How often have you been involved in a set of functionality, sorry, ‘features’, or maybe even an entire project, that has been threatened with abandonment after being underway for some time?  In my case, It doesn’t happen often, thankfully. If anything it’s very rare. But a while back I did get into this situation. I had analysed a solution, got it approved, estimated and funded, and it then got handed on to someone else who questioned the whole thing. And it did look like it might get stopped entirely. 

You might perhaps suggest that the need, desire, requirements and idea didn’t have strong enough business value – hence why it was being questioned.  And there might be something in that. But business value is rarely an empirical, scientific thing.  Often it is in the eye of the beholder. Personally, I and the stakeholders were satisfied that it did have business value but that aside, I’d like to dwell on one central point:  What happens if it did get stopped?  

Think about it.

The natural answer is that because IT haven’t built the features, it all just fades away.  IT said ‘no’ and that’s that. 

But the reality is different. The people requesting it will likely just find a different way of doing it.  They might knock something together themselves in Microsoft Access or Excel or whatever else they can lay their hands on. Maybe they can go outside to people that will build it for them, cutting you and your department out of the loop.  Perhaps they will invent some manual system or other means of doing what they want to do.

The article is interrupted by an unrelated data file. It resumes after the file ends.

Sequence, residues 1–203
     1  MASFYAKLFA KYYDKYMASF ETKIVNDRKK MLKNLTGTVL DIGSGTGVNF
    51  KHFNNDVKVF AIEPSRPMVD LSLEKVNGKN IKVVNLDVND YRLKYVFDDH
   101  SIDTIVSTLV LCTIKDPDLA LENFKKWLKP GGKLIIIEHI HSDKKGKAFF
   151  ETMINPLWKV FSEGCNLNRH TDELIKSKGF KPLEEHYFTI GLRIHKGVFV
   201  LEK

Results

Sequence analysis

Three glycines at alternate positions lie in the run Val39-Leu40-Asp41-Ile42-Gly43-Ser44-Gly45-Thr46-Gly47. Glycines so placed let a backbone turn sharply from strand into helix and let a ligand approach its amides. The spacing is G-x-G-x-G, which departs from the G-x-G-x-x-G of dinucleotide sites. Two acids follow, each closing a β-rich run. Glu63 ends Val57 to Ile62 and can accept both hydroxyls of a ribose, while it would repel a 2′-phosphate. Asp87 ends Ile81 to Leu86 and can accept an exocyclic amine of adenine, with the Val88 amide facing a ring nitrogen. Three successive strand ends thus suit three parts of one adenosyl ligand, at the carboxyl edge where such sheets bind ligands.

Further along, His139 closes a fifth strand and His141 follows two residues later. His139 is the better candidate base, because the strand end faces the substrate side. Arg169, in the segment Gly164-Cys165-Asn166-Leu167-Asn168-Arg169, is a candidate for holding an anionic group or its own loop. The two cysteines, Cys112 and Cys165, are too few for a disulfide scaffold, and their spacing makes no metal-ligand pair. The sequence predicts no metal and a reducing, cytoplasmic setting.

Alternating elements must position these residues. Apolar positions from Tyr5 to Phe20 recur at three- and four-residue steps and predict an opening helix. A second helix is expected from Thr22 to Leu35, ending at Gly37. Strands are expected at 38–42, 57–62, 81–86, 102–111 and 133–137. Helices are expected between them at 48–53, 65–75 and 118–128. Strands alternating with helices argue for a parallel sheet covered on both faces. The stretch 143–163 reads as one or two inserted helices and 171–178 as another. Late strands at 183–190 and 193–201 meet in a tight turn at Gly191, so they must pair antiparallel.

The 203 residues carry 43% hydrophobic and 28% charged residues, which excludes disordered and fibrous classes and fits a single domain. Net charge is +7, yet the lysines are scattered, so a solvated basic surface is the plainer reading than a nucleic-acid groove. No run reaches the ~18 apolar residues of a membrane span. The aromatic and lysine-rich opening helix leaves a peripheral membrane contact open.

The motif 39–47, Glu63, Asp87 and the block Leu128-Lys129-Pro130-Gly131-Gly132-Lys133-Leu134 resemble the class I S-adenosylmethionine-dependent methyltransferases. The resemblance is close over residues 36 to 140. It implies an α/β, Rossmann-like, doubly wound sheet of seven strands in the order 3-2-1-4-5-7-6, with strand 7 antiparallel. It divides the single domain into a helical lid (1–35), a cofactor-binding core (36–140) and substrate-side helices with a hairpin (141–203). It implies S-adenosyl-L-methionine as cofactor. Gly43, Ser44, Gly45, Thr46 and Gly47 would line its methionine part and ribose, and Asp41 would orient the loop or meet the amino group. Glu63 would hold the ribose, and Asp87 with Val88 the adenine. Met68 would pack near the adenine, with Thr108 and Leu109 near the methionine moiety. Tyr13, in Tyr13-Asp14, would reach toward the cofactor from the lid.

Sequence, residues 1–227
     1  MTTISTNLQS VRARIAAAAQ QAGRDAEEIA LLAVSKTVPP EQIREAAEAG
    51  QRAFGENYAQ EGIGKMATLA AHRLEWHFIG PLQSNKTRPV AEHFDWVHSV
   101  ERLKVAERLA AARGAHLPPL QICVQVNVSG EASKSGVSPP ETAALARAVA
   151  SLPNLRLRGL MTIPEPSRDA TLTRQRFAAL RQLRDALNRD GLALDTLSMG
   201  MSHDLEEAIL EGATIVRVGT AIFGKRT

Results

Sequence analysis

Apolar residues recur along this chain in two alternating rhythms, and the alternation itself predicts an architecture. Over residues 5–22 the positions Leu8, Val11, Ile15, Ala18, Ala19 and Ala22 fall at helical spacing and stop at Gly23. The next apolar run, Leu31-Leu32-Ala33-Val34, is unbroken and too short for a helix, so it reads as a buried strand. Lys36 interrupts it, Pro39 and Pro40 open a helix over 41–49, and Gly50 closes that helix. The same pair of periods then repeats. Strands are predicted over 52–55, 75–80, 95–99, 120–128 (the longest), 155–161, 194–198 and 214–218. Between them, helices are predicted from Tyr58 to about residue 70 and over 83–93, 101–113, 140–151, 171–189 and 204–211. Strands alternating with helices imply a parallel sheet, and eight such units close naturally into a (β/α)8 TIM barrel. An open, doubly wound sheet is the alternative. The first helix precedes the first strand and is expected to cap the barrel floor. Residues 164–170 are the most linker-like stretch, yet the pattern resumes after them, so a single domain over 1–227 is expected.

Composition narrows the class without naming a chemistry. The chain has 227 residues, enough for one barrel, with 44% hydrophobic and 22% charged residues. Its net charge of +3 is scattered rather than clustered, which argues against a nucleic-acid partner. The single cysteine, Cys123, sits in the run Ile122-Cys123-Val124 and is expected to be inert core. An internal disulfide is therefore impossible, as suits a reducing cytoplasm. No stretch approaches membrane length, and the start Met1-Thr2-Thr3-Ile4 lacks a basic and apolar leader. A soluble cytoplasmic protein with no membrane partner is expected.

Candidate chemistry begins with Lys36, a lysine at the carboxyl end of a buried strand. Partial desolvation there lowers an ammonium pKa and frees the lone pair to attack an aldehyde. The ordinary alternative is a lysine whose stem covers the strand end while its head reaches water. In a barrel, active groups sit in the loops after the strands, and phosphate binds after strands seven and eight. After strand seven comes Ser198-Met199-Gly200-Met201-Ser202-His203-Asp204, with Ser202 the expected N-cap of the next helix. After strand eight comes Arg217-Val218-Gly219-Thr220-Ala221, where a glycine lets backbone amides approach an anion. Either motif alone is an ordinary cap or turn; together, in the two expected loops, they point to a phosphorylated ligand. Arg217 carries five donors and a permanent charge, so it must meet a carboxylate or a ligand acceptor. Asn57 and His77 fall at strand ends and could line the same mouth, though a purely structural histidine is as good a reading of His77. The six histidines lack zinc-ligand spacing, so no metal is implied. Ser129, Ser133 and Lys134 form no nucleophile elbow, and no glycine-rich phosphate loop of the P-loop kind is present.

When IT says ‘no’, it doesn’t mean things don’t happen.  They still go ahead, just in a rubbish way.  

We could just say ‘so what’ and leave it at that. I’ve even encountered people who are fine with this. They view the ‘do nothing’ route with a weird  sense of achievement, as if it is some kind of noble outcome. But this sits uncomfortably with me. If not doing something is a measurement of success,  why not stop using computers and technology entirely while we’re about it?  let’s all go back to filing cabinets, ring binders and rollerdecks shall we?  Maybe that has ‘business value’?   It would certainly save on electricity.  

Of course, we have to be mindful of the fact that in IT we are often spending large quantities of other people’s money. I am not suggesting for one moment that we plough on with things that simply aren’t worth the investment. But equally, my experience is that people don’t generally approach the IT operation unless they have a valid reason.  That reason might be rough round the edges and perhaps badly articulated but there is generally a kernel of something valid behind it. 

IT saying ‘no’ and assuming that’s that seems to me to be a very arrogant and short sighted way to behave. You might of course have explanations backing up your ‘no’ position, but it is important for IT people to face up to the fact that we live in a day and age where people may well just do it anyway.  

* * *

After I wrote this, I came across some articles describing a philosophy which is gaining momentum at the moment around people using their own equipment in the workplace.  In other words, instead of your company issuing you with a 5-year old laptop with a Celeron processor and Windows XP, you could choose to bring in your own machine – of your choice – and use it. There is much to debate here, most of which is off topic, but the similarity is that organisations are fighting a loosing battle trying to prevent it: Saying ‘no’ just means people will invent ever more obscure and shady ways of round the rules and doing it anyway.  

No doesn’t mean it won’t happen. Food for thought certainly.

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